*DecoArt sponsored this post, but all thoughts are my own. Thank you for supporting the brands that make PMQ for two possible.
Did you catch my last paint pourring project where I made marbled colanders, perfect for summer? // Catch that post here //
Given the chance to try my hand at paint pouring again, I chose to go off-canvas a second time. It’s not that I don’t love the canvas art, it’s just that I don’t have a place to put it, and since I apply that rule to my shopping, I figured it was high-time I apply it to my crafting (even though I sorta was already)
*The following product links contain affiliate links. Thank you for supporting the brands that make PMQ for two possible. For my full policies click // here //
Materials for a DIY Malachite & Cheetah Decor
- DecoArt’s Paint Pouring Medium
- DecoArt’s Paint Pouring Top Coat
- DecoArt Americana paints in: Black, Kelly Green, Holly Green, and Turf Green (from the Satin collection)
- Plastic disposable cups for mixing
- Enamel Gold
- 1 Wood block
- 4 wood beads (circular or square, up to you)
- 1 plastic cheetah toy
- 1 wooden dowel (I legit used a BBQ skewer)
- MinWax Wood Finishing Cloths (pick a colour!)
Step 1: Start by setting-up where you’ll be pouring. I used a paint tray and an old glass jar. I placed the wood block on the jar, so that it wouldn’t stick to the bottom of the tray, and so that the liquid could pool beneath it, and allow it to dry.
Step 2: I coated the block in a first mixture of Kelly Green and Pouring Medium (1 part of each). I wanted to make sure there was a good base before I started applying the faux malachite finish.
While I let it dry, I prepared the mix for the other colours.
Step 3: Time to mix each other colour with paint pouring medium (1 part each). You can’t just mix them all in one big cup, because otherwise you’ll blend the colours instead of giving them the marbled look.
Step 4: Once each mixture is ready, pour them one at a time, into the main cup. You do this by pouring them down the side of the cup so that they don’t mix, rather, just sit together.
Step 5: Once you’re satisfied with the number of colours and tones, it’s time to pour or dump it on the block! I quickly flipped mine over onto the block, and then slowly lifted the cup, watching it all pool down the sides.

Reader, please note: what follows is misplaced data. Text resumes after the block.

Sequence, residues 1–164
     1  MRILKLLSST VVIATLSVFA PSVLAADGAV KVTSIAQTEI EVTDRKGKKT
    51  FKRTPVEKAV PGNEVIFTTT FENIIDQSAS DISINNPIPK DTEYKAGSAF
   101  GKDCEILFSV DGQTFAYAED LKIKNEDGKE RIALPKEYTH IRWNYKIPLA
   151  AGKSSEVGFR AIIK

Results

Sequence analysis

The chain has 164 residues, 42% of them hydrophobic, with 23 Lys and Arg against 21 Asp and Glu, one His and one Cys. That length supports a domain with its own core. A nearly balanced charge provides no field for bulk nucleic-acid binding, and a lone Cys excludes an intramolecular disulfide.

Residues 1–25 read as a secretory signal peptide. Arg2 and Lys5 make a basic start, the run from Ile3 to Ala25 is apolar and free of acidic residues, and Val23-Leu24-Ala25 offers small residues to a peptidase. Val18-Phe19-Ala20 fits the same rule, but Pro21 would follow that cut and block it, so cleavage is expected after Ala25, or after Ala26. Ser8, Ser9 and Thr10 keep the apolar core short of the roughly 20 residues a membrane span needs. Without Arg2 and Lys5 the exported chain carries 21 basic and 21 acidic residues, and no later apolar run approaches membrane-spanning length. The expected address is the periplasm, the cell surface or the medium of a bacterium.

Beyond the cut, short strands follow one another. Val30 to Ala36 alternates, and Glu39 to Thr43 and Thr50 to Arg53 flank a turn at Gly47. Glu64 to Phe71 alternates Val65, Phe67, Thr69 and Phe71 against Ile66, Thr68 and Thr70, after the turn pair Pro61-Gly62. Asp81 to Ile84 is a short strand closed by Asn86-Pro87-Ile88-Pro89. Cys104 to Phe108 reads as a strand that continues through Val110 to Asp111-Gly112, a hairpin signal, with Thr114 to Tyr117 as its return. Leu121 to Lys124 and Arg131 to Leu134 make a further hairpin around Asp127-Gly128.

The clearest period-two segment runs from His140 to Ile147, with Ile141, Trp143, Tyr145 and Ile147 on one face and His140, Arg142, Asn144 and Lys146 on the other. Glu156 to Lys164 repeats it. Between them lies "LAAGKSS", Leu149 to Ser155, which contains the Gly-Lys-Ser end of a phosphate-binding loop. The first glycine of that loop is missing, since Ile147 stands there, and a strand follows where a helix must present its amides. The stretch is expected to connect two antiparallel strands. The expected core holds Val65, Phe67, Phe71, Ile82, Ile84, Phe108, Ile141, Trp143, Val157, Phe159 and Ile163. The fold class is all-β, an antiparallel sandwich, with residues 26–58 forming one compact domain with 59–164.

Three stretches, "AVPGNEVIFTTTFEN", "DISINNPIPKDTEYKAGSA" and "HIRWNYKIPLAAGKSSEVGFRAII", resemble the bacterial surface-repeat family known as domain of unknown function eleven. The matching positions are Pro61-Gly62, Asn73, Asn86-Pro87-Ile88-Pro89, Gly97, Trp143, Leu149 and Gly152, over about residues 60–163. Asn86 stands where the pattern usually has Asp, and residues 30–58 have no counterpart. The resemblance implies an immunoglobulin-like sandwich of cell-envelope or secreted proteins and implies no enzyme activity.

I used a straw to gently brush any extra paint over bald spots, and to ensure some even coverage. Be very careful in doing this, since you don’t want to blend the paints. Conversely, you can gently blow through a straw to do that exact same thing.
While it dries, using a straw or a palette knife, slick away the beads of paint at the bottom, or be prepared to do that once it’s dry.
Step 6: While the block dries overnight, prepare your cheetah! I drilled a hole small enough for a dowel to fit into his belly. I also stained the dowel using a stain cloth, just so that it wasn’t un-treated.
Once the dowel is dry, using a hot glue gun, add a little dab of glue over the hole before inserting the dowel to dry.
Step 7: Once the base of the block is dry, apply the topcoat. It will similarly need to dry overnight, but if you start it early in the morning, it should be dry enough to dry a hole through in the afternoon. Apply it by directly pouring it over the block, make sure it gets complete coverage and isn’t too thick of goopy. I used another straw to smooth it out and remove any excess.
Step 8: Once it’s dry, drill a corresponding hole in the top of the block. Add a dab of hot glue and insert the dowel.
Step 9: In the meantime, using some liquid enamel gold (or gold paint), paint some feet for the block. You have the option of just skipping this part, but I think it’s adds a little oomph to the DIY Malachite & Cheetah Decor, so I did it. Gotta be #extra. I just hot glued them to the bottom of the block once they were dry, and BOOM!